Benelli’s Brutal Eye Candy
Test by Tim Sanford. Pics by Keith Muir.
DOES beauty have a place in the world of motorcycles? If you answer ‘yes’ then Benelli has completely missed the point with the 1130 TnT which is, by any standards, one of the ugliest motorcycles ever produced.
You get the impression that a demented designer took a random collection of tubes and angles and experienced a major psychotic event.
But is that so bad?
This motorcycle generates its own publicity: everywhere I rode people stopped and stared at it.
They all agreed it was ugly but almost all of them liked it and that is intelligent styling.
It’s difficult, writing about a motorcycle which keeps on throwing images into your head. I can see the bright red sinuous swingarm and the flowing curves of the innovative frame as it winds its way down from the steering head to be anchored into the swingarm pivot point by that unique system of four massive screws. I can see the sharp angles of covers and mirrors and indicators while I should be writing about the number of cylinders in the engine.
The truth is that the Tornado plays tricks on you, overwhelming your senses with its styling while you try to focus on the engineering. In a lesser machine this would be a less-than-ethical way of blinding you to faults but that is most definitely not the case here.
The Benelli is not perfect but the issues I had with it came down to a key which occasionally took rather more persuasion than I feel is necessary to get inserted into the ignition lock. The other issue was I don’t have a Tornado in my shed. At least the key is a folding on e which doesn’t tear up your pockets so that’s a plus. The shed issue is regrettably not so easily resolved.
Put simply, describing the Benelli’s appearance does it no justice, you have to see it to appreciate the full force of the eye-popping styling.
The power unit is a liquid-cooled triple with all of the best characteristics of that configuration. At 1130cc it is a big engine and it has been tuned for mid-range performance rather than top-end and in a naked bike that’s got to be a recipe for a great ride. The gearbox is a cassette-style six-speed and it swaps cogs superbly.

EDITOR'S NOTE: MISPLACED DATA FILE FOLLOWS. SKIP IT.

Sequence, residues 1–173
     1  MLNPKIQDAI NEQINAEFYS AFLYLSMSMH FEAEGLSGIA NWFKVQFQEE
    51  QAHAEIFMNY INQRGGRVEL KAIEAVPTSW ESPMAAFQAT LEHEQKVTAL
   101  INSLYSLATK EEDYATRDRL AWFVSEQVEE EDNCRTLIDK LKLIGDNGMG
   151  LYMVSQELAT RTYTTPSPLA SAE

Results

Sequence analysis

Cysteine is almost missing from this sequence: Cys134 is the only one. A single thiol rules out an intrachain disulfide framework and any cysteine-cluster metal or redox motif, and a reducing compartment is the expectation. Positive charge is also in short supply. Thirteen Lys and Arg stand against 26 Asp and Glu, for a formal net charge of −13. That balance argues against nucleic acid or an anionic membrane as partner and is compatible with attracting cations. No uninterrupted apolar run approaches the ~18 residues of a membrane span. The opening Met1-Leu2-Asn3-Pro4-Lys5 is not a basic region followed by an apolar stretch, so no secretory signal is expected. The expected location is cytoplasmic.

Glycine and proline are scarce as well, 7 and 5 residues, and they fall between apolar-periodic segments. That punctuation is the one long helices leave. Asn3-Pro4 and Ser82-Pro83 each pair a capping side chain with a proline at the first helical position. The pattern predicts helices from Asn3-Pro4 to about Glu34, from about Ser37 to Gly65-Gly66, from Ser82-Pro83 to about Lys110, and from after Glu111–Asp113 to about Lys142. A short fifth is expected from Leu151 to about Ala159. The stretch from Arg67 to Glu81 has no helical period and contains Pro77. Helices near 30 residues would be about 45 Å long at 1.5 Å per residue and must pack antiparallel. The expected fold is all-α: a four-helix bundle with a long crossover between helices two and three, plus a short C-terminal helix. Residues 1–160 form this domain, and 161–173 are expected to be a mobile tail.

Chassis components of high quality abound on the Tornado. The brakes are by Brembo and are fine examples of the performance you expect when that name is mentioned; suspension is by Marzocchi USD forks up front and an Extreme Technology shock at the rear.
Sitting on the TnT gives the weirdest impression that everything is too far away – the instrument pod sits low down behind the tiny beak-like nose cone and the bars sit up high – but the impression doesn’t last. As soon as you ride it, the bike lets you know that this will be a riding experience to remember. Triples growl and the TnT does it with a rather high-pitched note which seems to add to the sense of urgency and makes you want to play tunes with the throttle as you ride along.
In our earlier tests of Benelli triples I commented less than favourably on the throttle response and the lack of overall smoothness of the EFI; that’s now in the past and although the bike still works best if you have a delicate touch on the throttle (read: take lots of care if you’re ham-fisted!) riding it through thick traffic is no longer the nervous activity it could be on earlier models. Nevertheless there are still eleven hundred and thirty ccs down there and they’re all tuned for grunt so to make life easier in traffic the designers have thoughtfully included an interesting device called the Power Button.